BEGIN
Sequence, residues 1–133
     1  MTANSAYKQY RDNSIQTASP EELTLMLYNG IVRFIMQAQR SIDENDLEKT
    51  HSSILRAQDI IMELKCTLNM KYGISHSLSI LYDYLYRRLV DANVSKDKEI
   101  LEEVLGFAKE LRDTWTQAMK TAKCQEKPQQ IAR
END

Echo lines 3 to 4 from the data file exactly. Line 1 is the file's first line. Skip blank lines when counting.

    51  HSSILRAQDI IMELKCTLNM KYGISHSLSI LYDYLYRRLV DANVSKDKEI
   101  LEEVLGFAKE LRDTWTQAMK TAKCQEKPQQ IAR